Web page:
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We want what we want

This past Sunday night I was out for a bike ride with a few friends all around downtown Toronto. According to Strava, we did almost 22 km. Click here to see our route. During the ride, one of my friends said something to me that stood out. He said that when he’s on a bike he wants all cars off the road; but when he’s in a car, he wants all bikes off the road.

Now, this may seem like a fairly banal statement, but I think it demonstrates a number of things about people and the way we interact with cities. First, we’re all probably pretty selfish. We want what we want at a specific moment in time and we easily forget what it’s like to be on the other side of a situation.

Second, I think it reinforces what I wrote a month ago in a post called: Every street can’t be everything to everyone. If we want to improve the user experience for a variety of different use cases (driving, biking, walking and so on), we should decide when and where we’re going to optimize for each.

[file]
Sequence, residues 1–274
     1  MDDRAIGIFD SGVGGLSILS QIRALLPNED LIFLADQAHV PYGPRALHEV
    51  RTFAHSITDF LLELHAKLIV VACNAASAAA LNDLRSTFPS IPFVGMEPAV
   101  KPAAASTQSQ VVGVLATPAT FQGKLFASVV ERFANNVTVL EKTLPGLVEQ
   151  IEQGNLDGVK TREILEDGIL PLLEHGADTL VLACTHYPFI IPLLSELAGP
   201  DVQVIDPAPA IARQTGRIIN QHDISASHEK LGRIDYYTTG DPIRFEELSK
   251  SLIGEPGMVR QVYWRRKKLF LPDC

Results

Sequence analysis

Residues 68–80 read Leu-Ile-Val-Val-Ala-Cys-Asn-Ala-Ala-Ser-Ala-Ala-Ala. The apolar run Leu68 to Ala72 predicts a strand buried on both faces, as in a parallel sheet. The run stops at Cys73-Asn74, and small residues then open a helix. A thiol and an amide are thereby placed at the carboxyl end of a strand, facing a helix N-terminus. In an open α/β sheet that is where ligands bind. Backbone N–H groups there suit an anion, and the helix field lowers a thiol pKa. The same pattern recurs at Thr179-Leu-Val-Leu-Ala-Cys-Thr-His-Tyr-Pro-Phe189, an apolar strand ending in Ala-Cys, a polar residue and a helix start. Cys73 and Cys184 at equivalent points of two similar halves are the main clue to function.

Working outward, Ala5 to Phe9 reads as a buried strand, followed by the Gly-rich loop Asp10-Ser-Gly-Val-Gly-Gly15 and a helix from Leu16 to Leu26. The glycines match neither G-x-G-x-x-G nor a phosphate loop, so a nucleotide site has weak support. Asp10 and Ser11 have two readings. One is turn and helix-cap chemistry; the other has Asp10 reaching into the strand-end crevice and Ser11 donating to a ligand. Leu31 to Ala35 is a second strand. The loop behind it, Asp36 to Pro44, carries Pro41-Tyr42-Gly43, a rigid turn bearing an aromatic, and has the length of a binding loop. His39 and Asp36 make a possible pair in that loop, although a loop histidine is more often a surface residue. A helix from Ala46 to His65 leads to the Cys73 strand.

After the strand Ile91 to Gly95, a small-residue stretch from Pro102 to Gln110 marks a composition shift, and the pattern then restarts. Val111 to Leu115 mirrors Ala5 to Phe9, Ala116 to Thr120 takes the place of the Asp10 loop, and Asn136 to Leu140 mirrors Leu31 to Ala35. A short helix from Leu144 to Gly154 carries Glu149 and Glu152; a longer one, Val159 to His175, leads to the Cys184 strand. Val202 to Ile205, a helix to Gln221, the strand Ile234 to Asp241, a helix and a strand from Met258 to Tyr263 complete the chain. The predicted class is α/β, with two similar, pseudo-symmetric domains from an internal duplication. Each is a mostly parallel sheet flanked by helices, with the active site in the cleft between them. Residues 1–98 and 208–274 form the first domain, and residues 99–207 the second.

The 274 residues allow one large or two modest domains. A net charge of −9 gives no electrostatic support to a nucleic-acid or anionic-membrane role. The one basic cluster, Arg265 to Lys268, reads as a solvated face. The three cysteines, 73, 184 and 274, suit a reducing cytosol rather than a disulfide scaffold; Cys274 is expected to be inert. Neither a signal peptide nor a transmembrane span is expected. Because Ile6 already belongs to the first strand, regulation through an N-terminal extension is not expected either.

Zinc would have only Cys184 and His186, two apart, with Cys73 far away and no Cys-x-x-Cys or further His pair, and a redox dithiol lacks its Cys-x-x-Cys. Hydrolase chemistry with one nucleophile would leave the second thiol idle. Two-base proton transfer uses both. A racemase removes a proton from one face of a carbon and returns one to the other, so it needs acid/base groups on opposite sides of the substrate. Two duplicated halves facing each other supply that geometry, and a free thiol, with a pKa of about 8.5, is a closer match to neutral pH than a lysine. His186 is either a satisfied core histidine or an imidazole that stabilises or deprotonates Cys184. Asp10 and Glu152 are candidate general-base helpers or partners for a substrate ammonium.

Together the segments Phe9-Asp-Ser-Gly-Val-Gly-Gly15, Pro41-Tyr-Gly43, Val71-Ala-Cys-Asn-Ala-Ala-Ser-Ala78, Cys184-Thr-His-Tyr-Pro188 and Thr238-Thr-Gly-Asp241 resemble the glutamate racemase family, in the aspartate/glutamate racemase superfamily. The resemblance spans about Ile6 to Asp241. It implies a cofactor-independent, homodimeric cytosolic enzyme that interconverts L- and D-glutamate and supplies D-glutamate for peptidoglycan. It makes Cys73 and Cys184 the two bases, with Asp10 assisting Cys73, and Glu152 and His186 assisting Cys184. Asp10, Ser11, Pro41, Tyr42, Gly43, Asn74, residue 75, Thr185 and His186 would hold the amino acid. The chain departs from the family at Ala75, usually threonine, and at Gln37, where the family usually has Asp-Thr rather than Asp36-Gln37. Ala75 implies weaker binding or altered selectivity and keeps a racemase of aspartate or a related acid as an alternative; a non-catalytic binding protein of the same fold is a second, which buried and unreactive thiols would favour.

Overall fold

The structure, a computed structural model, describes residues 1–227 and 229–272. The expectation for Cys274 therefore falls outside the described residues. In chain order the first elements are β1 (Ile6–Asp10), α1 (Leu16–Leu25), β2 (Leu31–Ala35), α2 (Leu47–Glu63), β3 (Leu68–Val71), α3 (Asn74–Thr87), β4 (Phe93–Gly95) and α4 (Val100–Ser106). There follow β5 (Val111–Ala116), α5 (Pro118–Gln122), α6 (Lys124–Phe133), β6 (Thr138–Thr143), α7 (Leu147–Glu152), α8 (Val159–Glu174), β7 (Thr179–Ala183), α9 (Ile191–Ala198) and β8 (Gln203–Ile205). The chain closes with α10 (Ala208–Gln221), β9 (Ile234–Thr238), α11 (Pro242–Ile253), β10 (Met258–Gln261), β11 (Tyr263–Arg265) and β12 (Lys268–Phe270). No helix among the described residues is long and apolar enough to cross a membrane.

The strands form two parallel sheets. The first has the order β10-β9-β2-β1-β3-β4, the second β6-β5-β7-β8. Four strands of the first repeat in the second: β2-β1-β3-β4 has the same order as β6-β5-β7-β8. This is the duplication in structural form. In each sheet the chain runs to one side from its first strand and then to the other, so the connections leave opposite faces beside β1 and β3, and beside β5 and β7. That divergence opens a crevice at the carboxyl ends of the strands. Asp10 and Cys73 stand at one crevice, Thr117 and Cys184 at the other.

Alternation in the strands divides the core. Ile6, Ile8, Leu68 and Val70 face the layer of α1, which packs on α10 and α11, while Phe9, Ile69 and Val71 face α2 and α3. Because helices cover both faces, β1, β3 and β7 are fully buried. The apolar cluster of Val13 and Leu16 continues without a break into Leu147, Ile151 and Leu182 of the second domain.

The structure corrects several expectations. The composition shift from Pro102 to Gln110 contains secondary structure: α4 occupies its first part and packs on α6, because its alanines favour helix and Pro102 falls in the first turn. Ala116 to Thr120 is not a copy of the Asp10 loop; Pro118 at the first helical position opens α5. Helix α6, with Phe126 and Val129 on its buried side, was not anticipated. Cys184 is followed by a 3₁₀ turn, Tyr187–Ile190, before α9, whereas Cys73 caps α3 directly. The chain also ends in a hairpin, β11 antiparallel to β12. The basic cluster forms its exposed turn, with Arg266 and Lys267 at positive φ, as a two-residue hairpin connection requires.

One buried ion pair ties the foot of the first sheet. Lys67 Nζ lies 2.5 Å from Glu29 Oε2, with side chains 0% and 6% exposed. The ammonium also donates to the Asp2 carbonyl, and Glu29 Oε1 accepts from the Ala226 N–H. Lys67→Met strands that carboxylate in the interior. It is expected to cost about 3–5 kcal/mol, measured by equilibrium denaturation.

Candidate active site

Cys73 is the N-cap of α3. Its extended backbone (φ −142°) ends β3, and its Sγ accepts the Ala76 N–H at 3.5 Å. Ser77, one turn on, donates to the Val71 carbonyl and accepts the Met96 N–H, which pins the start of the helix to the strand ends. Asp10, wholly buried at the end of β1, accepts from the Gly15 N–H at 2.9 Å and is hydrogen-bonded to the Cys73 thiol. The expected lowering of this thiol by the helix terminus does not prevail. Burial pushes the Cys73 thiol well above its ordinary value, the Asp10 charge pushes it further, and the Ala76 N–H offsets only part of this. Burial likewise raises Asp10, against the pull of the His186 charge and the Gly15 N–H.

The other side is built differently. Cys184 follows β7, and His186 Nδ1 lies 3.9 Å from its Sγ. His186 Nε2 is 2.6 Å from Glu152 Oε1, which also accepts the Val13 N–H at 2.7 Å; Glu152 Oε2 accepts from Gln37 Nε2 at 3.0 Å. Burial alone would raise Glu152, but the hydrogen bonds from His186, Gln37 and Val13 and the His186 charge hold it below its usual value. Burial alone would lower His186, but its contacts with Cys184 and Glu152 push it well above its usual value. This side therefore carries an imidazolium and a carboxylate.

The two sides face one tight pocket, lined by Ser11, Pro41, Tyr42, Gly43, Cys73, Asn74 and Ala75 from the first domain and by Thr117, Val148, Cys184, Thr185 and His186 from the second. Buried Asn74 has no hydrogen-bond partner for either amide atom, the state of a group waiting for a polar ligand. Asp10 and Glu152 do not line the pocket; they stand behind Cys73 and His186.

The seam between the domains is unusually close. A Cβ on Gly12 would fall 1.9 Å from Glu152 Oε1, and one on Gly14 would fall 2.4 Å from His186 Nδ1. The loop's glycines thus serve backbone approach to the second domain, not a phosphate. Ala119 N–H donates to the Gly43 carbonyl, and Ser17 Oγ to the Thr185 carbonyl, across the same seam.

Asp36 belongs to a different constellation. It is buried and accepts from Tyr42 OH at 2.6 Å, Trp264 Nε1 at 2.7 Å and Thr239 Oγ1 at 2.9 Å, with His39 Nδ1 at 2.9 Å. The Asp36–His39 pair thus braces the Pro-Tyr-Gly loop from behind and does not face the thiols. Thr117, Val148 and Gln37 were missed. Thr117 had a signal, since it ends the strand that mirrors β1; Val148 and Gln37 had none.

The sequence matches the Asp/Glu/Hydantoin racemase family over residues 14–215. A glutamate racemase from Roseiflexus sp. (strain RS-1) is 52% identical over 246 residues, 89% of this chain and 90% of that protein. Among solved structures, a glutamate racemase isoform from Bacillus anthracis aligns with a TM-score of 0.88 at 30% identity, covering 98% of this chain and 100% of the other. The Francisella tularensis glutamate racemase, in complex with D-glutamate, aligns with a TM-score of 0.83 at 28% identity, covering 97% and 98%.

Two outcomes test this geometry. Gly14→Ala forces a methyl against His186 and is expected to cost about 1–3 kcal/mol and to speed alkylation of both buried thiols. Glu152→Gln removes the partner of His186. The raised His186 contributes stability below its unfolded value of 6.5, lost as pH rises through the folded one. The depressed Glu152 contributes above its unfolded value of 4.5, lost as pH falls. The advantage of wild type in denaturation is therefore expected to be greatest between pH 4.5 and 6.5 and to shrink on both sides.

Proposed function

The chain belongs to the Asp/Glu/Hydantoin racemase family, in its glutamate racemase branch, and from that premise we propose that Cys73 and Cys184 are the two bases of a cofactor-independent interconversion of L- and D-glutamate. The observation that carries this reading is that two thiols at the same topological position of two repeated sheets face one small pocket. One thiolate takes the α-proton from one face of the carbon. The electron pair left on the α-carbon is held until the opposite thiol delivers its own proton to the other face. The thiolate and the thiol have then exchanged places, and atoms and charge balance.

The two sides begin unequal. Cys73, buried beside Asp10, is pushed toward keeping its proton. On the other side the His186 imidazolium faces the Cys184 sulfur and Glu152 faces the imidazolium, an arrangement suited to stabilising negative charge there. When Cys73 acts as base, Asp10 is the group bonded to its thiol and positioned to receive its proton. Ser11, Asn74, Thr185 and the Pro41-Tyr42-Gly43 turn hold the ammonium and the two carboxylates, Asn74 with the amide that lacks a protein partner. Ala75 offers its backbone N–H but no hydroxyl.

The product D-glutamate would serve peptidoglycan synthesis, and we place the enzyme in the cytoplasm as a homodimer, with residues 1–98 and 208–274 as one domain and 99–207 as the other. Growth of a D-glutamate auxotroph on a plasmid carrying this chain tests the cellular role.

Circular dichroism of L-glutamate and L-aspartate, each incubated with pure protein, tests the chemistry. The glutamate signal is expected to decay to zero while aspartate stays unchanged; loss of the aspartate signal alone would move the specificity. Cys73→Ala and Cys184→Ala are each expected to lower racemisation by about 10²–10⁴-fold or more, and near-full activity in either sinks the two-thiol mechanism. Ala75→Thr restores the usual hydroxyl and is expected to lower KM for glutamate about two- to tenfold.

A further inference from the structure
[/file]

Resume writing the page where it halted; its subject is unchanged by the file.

The reason my friend said what he said was because we were riding on a road with no bike lanes. We were swerving in and around cars. And when the street is shared like this it naturally becomes a competition of who can be the most aggressive and dominate the road–bikes or cars. But as exciting as that might be, it’s probably not an ideal way to build our cities.

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